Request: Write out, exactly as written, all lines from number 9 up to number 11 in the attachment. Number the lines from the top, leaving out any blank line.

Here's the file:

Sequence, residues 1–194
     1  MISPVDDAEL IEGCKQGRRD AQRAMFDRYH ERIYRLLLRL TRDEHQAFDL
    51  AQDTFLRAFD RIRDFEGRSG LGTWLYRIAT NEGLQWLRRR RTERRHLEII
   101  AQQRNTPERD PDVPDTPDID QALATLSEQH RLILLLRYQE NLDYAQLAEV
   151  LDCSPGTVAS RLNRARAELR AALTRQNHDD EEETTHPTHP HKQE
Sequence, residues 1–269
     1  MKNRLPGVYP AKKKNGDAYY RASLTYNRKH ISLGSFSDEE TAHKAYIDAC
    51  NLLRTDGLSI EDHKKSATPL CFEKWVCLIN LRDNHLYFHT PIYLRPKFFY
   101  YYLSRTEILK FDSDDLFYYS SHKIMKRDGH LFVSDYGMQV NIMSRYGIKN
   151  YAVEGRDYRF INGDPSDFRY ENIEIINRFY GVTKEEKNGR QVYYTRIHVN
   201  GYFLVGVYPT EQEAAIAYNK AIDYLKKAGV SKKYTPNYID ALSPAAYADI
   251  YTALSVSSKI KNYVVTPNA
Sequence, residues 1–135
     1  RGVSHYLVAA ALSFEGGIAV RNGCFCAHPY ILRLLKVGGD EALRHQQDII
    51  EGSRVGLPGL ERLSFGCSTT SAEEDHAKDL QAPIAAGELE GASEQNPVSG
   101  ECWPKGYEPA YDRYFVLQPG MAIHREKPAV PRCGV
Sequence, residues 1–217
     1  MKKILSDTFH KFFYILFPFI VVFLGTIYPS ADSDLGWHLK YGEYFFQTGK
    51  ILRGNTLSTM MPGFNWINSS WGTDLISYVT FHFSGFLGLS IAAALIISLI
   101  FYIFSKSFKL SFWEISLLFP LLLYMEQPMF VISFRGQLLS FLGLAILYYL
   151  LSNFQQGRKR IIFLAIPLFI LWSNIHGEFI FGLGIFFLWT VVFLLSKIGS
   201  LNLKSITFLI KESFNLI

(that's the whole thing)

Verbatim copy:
   101  YYLSRTEILK FDSDDLFYYS SHKIMKRDGH LFVSDYGMQV NIMSRYGIKN
   151  YAVEGRDYRF INGDPSDFRY ENIEIINRFY GVTKEEKNGR QVYYTRIHVN
   201  GYFLVGVYPT EQEAAIAYNK AIDYLKKAGV SKKYTPNYID ALSPAAYADI